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New York Times
Leonard Bernstein Refuses The National Medal of Arts
MICHAEL KIMMELMAN
November 16, 1989
LEAD: Leonard Bernstein has declined a National Medal of Arts, the White House said yesterday as it announced the 11 individuals and 1 corporation receiving this year's awards. The medals are to be presented by President Bush on Friday.

Leonard Bernstein has declined a National Medal of Arts, the White House said yesterday as it announced the 11 individuals and 1 corporation receiving this year's awards. The medals are to be presented by President Bush on Friday.

A White House spokesman, Stephen Hart, said Mr. Bernstein had been offered the medal "and apparently changed his mind." Asked why Mr. Bernstein did so, Mr. Hart said, "You'd have to ask him." Mr. Bernstein could not be reached at his studio or through his assistants for comment, despite repeated calls.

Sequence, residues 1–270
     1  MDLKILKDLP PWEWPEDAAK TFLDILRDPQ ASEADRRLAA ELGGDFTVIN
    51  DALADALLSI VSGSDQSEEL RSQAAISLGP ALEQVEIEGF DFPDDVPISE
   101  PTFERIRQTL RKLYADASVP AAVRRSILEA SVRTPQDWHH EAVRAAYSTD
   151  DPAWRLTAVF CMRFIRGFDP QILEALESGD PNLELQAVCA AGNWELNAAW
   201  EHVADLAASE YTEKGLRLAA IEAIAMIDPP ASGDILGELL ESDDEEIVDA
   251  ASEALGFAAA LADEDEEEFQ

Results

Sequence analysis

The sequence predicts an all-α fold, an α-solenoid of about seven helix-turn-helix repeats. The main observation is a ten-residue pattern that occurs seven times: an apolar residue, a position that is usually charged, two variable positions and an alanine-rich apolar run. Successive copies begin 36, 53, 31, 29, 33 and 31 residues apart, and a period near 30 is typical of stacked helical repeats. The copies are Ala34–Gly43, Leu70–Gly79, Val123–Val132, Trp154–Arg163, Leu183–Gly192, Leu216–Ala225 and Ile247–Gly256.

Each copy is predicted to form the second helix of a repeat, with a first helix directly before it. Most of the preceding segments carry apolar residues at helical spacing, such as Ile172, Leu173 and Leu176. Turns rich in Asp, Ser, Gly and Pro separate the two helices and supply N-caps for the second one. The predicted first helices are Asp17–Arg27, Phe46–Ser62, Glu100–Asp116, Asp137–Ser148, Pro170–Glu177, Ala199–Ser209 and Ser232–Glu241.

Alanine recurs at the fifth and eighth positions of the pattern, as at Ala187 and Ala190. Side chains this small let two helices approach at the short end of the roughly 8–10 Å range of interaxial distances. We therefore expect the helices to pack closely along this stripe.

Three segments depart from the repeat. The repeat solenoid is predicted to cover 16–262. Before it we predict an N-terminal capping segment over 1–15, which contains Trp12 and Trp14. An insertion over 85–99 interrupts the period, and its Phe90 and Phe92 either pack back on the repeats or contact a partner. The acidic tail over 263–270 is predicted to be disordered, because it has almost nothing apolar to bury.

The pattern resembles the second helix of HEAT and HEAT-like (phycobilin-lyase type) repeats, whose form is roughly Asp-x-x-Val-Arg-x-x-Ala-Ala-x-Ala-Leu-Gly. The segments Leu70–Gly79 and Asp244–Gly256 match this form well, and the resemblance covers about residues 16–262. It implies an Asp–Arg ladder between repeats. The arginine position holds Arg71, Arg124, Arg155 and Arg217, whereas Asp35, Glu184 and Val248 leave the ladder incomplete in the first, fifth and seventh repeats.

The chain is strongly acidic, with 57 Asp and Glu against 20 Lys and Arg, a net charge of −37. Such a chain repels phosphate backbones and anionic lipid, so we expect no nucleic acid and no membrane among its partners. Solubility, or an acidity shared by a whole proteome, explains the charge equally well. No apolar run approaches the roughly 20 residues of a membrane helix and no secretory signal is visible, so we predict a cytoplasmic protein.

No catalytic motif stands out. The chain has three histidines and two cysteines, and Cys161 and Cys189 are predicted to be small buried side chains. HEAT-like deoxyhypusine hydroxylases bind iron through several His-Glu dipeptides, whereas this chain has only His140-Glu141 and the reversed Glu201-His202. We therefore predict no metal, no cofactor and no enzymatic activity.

But Government officials who asked not to be identified said they understood that the composer and conductor had refused the medal on Tuesday because a Federal grant to an art show on AIDS had been revoked.

The new director of the National Endowment for the Arts, John E. Frohnmayer, rescinded a $10,000 grant to Artists Space, a nonprofit gallery in Manhattan.

Recommendations for the medals are made by the National Council on the Arts, an advisory body of the National Endowment that is appointed by the President.

Robert Motherwell, the painter, who is one of this year's recipients, said he was informed on Monday by Mr. Bernstein's manager, Harry Kraut, that the musician had decided to turn down the award. "It was my impression that this was because of the National Endowment controversy," Mr. Motherwell said.

The other recipients of this year's awards are: Leopold Adler, a preservationist; the Dayton-Hudson Corporation in Minneapolis, as a patron of the arts; Katherine Dunham, the dancer; Alfred Eisenstaedt, the photographer; Martin Friedman, director of the Walker Art Center in Minneapolis; Leigh Gerdine, an arts patron from St. Louis; John Birks (Dizzy) Gillespie, the jazz musician;Walker Kirtland Hancock, a sculptor from Gloucester, Mass.; Vladimir Horowitz; Czeslaw Milosz, and John Updike.

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